On September 1, 1939, just two decades after the end of the Great War, the world was plunged into combat once again. Germany, led by the National Socialist German Workers’ Party leader, Adolf Hitler, invaded Poland.
The Second World War began. For the next six years, the world was divided into Allied, Axis, and neutral powers, and the ensuing unrest sent shockwaves far beyond the European continent. Canada, asserting its independence from the United Kingdom, officially declared war on Germany on September 10, 1939. Canada’s Jewish communities would ultimately make up the highest number of ethnic volunteers for war service. Amongst these numbers was a young man in his twenties, who resided in Montreal and was a well-known member of the Jewish community. This man’s name was Allan Raymond.
Mr. Raymond was born in Lithuania in 1922, and immigrated with his parents to Montreal in 1928. In 1942, he joined the Royal Canadian Air Force, and was sent overseas in 1943. Mr. Raymond spent time in England, France, Holland, Belgium, and Germany during the war. He was present for the liberation of Belgium and the rescue of survivors of the Bergen-Belsen concentration camp. From 1943 to 1945, Mr. Raymond regularly sent his friends and family letters and souvenirs from the countries he visited.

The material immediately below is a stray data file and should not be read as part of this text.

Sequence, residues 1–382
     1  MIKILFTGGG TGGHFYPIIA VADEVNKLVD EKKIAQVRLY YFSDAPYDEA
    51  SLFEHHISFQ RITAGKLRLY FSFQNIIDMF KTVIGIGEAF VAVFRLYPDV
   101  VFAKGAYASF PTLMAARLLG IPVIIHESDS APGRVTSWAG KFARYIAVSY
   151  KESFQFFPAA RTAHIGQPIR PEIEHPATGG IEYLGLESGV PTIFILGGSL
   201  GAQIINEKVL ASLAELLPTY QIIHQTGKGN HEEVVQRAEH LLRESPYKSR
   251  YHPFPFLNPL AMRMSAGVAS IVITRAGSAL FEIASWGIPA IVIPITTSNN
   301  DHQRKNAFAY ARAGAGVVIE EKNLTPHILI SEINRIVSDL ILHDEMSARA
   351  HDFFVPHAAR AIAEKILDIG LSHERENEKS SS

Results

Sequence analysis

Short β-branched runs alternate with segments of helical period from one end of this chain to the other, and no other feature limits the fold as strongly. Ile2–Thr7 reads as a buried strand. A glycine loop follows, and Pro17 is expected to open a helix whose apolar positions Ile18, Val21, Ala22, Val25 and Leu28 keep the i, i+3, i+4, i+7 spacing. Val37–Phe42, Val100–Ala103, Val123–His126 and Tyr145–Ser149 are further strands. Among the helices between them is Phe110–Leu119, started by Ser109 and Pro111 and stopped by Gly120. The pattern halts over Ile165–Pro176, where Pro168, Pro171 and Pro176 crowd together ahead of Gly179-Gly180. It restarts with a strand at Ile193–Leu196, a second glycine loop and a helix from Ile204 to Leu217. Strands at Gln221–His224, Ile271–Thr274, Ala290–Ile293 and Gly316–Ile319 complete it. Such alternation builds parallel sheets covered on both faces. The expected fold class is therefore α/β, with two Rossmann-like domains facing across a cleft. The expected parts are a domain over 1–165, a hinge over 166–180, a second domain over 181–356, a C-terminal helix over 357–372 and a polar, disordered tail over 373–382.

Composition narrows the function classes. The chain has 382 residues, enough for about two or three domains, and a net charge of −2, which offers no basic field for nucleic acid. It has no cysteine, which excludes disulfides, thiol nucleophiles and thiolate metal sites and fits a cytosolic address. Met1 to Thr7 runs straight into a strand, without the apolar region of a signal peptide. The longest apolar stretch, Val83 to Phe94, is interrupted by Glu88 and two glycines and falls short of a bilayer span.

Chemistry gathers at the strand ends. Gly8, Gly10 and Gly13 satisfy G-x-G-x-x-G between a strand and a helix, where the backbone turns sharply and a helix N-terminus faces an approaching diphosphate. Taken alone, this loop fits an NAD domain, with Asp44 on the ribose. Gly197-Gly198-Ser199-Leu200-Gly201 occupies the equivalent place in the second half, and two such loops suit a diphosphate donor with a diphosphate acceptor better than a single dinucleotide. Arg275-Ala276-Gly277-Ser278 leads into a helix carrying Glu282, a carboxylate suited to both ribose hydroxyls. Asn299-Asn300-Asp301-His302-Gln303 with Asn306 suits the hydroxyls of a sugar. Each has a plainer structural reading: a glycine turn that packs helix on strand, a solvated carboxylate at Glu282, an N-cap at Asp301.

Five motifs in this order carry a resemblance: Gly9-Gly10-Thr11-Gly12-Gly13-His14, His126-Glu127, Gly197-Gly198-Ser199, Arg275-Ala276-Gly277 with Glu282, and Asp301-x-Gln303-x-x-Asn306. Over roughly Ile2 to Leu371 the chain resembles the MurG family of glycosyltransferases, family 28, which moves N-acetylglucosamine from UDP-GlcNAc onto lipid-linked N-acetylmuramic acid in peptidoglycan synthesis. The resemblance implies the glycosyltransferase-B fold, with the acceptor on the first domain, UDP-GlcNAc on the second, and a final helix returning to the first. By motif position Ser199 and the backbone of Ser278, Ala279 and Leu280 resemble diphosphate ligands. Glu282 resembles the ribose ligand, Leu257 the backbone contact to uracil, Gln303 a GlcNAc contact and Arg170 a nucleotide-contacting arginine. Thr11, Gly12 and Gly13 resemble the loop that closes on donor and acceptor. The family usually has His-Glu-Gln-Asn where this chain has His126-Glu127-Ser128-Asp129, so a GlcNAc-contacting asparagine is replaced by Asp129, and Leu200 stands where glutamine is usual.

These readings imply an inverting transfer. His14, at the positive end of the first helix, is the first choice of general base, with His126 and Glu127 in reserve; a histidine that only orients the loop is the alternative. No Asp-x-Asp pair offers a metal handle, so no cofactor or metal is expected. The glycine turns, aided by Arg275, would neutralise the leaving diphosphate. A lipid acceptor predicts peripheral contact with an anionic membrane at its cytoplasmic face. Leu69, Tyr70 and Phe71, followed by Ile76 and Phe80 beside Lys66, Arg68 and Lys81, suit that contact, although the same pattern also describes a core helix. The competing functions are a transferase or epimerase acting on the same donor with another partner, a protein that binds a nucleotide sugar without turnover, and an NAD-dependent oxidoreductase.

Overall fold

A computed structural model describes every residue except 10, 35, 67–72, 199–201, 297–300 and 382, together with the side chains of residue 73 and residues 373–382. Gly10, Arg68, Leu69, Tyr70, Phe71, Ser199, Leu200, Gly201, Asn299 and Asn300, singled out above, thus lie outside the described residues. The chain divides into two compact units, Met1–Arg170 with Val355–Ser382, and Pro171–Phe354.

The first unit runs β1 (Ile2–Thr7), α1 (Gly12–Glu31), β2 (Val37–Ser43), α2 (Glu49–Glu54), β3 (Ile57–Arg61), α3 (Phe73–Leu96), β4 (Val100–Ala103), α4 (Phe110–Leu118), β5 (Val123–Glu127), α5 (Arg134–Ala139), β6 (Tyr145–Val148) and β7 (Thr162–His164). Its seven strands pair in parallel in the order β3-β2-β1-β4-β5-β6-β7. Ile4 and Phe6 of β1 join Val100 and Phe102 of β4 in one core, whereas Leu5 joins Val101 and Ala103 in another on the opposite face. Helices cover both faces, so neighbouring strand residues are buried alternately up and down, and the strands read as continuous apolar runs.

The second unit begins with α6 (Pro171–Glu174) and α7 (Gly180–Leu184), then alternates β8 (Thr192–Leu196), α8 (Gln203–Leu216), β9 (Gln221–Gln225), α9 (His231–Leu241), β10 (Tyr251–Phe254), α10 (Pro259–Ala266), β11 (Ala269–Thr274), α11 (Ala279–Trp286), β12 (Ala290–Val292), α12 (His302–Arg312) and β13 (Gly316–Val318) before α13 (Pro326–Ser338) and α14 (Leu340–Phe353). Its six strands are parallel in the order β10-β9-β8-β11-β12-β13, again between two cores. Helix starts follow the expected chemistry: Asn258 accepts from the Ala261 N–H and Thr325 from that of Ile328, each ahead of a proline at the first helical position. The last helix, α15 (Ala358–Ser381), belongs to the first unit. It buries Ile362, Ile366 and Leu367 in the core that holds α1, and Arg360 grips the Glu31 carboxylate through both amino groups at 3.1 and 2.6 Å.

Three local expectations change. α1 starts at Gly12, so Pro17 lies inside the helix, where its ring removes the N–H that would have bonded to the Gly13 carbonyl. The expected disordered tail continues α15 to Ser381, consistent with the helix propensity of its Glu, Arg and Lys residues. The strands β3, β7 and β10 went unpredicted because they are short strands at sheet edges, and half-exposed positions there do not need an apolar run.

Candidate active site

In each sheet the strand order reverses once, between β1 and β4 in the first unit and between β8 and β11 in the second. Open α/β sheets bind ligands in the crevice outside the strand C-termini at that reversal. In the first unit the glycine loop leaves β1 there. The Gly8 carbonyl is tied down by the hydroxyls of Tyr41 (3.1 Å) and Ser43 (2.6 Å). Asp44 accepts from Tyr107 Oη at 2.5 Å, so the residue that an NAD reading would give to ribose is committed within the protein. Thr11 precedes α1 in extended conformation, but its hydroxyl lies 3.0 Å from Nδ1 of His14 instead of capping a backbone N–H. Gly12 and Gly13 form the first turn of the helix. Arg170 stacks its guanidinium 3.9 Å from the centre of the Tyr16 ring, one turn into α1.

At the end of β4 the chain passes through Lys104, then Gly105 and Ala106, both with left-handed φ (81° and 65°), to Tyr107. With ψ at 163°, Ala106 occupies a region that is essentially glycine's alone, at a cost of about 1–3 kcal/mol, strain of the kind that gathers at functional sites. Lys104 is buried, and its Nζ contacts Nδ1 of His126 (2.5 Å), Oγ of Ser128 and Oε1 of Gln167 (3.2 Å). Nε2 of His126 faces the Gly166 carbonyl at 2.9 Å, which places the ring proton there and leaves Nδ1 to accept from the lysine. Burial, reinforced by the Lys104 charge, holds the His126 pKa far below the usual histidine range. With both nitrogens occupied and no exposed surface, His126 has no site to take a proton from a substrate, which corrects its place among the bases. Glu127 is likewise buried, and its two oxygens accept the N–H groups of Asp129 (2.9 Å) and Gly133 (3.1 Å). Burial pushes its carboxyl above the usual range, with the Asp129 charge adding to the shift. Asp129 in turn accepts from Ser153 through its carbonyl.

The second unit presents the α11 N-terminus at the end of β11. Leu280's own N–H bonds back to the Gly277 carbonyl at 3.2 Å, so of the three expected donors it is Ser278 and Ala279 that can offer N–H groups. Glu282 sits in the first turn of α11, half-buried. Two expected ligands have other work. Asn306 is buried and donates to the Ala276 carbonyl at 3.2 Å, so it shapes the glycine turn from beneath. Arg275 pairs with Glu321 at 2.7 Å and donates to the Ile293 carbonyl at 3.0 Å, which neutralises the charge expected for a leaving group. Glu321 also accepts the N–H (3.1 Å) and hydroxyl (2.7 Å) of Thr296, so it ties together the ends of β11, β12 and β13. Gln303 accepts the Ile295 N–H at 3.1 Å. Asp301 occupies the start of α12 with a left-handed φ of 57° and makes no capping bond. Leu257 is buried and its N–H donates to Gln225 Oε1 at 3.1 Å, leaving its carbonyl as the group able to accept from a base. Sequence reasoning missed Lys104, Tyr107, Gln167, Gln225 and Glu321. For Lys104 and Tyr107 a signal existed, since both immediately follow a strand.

These letters offer researchers a window into the experience of the average soldier during World War II. Mr. Raymond details everything from bathing in the army, to the kind of food he ate, to what he did in his leisure time. He also offered his opinion on what was going on around him. More poignantly, the things he does not say speak volumes to the experience of every soldier, who had to contend with both the mail censors and the horrors of the war they experienced. This project is named “Somewhere in Europe”, a testament to everything Mr. Raymond could and could not say, and what World War II meant to him.
Allan Raymond’s voice is not the only one in this collection. The voices of his friends and his family are all included in this collection. Their letters give us insight into the situation on the home front, where rationing food was common practice, and blackout drills were normal. They talk of the civil unrest around them and the hope that the War will soon come to an end. Together with Mr. Raymond’s letters, this collection paints a vivid picture of the world as it was for Westerners in the mid-1940s.